PSN-L Email List Message

Subject: Re: Water/Laser geophone instrumentation
From: Charles R Patton charles.r.patton@........
Date: Tue, 11 Jun 2013 09:42:10 -0700

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VBB-BB Tiltmeter info
5/5/2001 11:45 PM
from S-T Morrissey
This was the project he was working on just before he died.

In addition a Chris  email references the NSF (National Science 
Foundation) paper:
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Re: Morrissey Balance-beam Tiltmeter
Date:Thu, 25 Dec 2008 22:40:21 EST
This contains info that the project was finished.  I have a copy of the 
NSF proposal (not the final report).  It includes data on proposed 
sensitivity, notes on balance beam construction and proposed transducer 
methods and problems.   I will email the 1.05MB file to interested 
folks. I don't have the final report mentioned by Chris.

The abstract mentioned above is:
********start quote*******
Abstract submitted for 2000 fall AGU meeting:

Updated 10 December, 2000

A Beam-Balance Broadband Tiltmeter That is Insensitive to Horizontal 

Sean-Thomas Morrissey (Dept. of Earth and Atmospheric Sciences, St.Louis 
University, 3507 Laclede; St. Louis MO, 63103; 314 977 3129; 

A new broadband seismic instrument has been developed that is sensitive 
only to "pure" tilt and not to horizontal acceleration.

A new beam-balance tiltmeter has been developed that does not respond to 
horizontal ground movement. Since all horizontal seismometers are also 
tiltmeters they are sensitive to tilt, especially at longer periods, and 
seismic data can be compromised in the period range of 20 to 3000 
seconds. The most important noise source in the horizontal data is 
tilting of the pier, mostly due to barometric loading. But all 
tiltmeters, up to now, are also seismometers, (ie. they are sensitive to 
horizontal translation), so can not be used to separate tilt noise from 
seismic signals.

Our new beam balance tiltmeter does not respond to horizontal 
acceleration because the masses at each end of the horizontal beam are 
suspended through the exact center of mass. This system is inherently 
unstable, so broadband feedback is used to control it. With appropriate 
feedback, the beam remains relatively horizontal when the base is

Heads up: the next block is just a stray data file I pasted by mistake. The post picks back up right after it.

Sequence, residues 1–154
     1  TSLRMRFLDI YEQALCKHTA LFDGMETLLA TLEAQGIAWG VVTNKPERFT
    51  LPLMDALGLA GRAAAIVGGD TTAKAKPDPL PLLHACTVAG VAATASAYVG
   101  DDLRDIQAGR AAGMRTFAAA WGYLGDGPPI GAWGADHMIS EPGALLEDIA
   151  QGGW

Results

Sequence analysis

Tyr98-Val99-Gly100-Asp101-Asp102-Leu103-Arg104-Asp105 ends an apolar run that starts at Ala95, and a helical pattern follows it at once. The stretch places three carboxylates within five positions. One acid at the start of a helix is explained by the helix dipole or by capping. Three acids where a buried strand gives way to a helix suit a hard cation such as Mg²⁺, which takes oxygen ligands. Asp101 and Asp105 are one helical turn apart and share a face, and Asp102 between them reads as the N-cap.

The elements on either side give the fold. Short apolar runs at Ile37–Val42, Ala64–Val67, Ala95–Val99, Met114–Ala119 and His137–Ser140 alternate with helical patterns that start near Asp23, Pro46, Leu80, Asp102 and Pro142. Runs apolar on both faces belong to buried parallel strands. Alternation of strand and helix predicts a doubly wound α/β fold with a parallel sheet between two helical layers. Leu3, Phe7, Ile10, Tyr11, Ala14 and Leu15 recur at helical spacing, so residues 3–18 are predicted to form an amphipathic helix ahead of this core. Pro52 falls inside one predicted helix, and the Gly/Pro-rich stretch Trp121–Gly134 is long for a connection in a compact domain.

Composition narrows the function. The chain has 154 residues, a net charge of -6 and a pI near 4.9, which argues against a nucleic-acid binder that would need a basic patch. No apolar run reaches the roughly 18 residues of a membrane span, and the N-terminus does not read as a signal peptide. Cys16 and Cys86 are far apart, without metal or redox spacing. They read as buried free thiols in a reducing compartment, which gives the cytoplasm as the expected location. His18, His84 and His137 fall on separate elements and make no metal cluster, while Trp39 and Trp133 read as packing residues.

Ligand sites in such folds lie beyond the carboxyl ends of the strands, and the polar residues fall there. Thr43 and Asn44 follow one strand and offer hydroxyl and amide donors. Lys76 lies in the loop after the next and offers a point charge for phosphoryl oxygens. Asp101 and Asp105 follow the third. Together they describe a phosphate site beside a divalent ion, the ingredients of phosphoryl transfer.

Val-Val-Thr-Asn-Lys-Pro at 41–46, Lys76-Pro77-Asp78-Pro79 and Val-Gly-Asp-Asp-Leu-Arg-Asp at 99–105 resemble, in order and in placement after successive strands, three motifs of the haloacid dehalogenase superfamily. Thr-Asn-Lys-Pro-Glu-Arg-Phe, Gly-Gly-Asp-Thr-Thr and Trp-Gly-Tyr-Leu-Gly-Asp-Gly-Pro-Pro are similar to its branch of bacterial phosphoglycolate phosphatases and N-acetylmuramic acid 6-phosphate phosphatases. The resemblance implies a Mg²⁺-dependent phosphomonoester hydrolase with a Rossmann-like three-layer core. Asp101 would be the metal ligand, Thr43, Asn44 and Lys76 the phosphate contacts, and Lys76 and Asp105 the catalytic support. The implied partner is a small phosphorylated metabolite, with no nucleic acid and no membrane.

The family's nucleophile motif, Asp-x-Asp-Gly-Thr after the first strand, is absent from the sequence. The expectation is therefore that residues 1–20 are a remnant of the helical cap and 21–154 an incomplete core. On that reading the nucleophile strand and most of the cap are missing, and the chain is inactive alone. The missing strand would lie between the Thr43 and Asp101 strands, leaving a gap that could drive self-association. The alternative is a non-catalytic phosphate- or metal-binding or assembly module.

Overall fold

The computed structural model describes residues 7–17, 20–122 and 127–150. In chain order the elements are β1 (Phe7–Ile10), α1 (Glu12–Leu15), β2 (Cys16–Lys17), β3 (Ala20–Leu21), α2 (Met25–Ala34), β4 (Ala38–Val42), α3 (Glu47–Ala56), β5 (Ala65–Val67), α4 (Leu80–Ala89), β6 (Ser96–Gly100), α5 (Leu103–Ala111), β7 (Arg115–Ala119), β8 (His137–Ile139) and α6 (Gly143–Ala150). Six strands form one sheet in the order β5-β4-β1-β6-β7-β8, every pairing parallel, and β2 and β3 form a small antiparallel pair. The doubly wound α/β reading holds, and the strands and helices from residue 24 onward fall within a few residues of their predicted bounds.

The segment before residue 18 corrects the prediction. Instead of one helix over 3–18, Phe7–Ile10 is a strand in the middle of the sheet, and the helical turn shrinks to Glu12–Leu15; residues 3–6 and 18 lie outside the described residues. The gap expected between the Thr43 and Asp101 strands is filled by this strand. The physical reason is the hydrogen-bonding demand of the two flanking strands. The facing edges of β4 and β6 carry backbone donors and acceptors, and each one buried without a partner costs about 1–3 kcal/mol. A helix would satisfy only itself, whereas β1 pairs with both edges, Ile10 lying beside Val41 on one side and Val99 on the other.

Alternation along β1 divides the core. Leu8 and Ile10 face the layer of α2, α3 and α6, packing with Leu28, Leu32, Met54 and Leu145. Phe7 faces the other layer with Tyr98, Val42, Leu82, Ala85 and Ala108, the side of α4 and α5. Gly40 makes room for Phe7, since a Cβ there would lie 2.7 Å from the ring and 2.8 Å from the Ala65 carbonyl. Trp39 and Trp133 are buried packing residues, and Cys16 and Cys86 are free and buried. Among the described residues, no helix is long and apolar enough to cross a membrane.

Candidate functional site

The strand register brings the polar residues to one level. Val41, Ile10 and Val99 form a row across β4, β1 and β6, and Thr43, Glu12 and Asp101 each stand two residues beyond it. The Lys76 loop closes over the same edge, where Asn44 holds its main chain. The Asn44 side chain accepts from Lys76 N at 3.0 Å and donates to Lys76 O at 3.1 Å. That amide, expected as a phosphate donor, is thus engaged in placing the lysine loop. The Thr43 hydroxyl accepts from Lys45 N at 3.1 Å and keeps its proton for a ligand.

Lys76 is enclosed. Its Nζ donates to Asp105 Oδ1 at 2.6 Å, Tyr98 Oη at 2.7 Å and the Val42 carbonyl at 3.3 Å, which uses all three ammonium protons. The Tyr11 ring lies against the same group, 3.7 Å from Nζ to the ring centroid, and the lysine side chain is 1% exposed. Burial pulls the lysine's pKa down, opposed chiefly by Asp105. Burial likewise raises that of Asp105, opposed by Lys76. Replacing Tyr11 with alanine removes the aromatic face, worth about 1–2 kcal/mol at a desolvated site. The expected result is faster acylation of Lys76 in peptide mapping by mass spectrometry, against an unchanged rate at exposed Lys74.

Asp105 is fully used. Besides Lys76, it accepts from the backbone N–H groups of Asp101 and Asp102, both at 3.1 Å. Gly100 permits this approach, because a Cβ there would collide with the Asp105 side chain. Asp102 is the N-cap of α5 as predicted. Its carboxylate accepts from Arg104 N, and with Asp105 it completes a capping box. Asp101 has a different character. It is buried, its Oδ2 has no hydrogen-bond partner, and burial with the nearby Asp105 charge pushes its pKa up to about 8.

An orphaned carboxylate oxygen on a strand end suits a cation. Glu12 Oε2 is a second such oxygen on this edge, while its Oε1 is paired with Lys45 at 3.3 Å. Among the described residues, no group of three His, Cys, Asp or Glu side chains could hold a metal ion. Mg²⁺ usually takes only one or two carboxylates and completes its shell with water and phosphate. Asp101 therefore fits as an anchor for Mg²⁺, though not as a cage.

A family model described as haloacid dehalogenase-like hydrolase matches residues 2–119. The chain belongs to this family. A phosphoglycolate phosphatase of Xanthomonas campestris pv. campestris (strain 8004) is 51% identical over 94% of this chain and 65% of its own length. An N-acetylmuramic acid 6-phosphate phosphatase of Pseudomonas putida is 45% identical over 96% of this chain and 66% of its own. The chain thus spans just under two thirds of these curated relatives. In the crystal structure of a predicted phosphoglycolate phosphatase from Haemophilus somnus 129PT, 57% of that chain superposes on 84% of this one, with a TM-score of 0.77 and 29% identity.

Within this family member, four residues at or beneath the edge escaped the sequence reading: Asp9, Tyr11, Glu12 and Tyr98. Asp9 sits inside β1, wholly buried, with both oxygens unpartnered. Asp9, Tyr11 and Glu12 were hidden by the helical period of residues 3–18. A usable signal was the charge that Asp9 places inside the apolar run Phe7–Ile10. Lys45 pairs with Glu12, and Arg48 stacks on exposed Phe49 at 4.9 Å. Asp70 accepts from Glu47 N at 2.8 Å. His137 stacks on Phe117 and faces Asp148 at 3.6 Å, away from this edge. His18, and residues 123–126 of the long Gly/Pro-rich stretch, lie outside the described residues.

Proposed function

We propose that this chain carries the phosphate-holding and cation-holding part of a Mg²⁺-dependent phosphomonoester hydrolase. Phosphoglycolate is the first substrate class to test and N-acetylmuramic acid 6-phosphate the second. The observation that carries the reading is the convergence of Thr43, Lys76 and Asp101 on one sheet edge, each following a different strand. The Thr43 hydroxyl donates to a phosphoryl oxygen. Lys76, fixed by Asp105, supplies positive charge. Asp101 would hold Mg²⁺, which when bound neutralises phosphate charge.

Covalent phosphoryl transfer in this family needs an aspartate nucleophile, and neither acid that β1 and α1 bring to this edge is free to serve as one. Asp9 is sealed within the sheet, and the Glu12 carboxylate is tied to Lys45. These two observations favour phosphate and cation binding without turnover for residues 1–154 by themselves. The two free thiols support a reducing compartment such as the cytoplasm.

tilted, and the output is the relative motion at the displacement 
detector. There is no rotation or output when the base is translated 
horizontally along the axis of the beam.

The beam-balance tiltmeter is designed with separated lead masses 
mounted in an aluminum bar that is suspended exactly at the center of 
mass of the horizontal beam with a new low torque hinge flexure. The 
center of mass is trimmed by a unique vertical mass centering adjustment 
above the flexures. Displacement transducers and compact force feedback 
coils with rare-earth magnets are placed at both ends of the beam.

Three sensors have been assembled as "proof of concept" prototypes. One 
instrument is operating at station CCMO, near Saint Louis University, 
and data from it are being digitized. Another is on a table and can be 
used to demonstrate that tilt can be separated from horizontal 
acceleration by simply sliding it horizontally. The static or DC tilt 
sensitivity of the prototype is about 120 millivolts per microradian, 
and the resolution is better than 0.1 nanoradian. Initial comparisons 
using data generated by large quakes on the horizontal components of 
nearby broadband seismic stations (18 km distant) show that the response 
to horizontal acceleration is reduced by a factor greater than 1000 
while maintaining the equalivant tilt sensitivity of the seismometer.

Ideally, the noise recorded in the tiltmeter output will exactly emulate 
the tilt noise from the seismometer, at least in the flat portions of 
their broadband velocity response. The success of this new instrument 
has a tremendous implications for broadband stations in all regions of 
the world where tilting from barometric, thermal, hydrologic, etc., 
effects may limit the usefulness of the horizontal data.
Charles R. Patton

On 6/11/2013 8:19 AM, Ted Channel wrote:
> Hi All,  Chris your rain gutter idea is very interesting too.  Is 
> there a pict illustrating the version of the Cascades used?
> Here is a different question...   Picture a perfectly balanced beam, 
> on a center pivot, just like a see-saw, with two kids of similar mass.
> Would this beam tend to remain fixed during an earthquake?    I can 
> visualize, how a diving board with a person on the end would respond, 
> with the mass moving differently from the earth.   But I don't know if 
> the see-saw, would tend to remain fixed/level as the earth isolated 
> during an event.
> cheers, Ted


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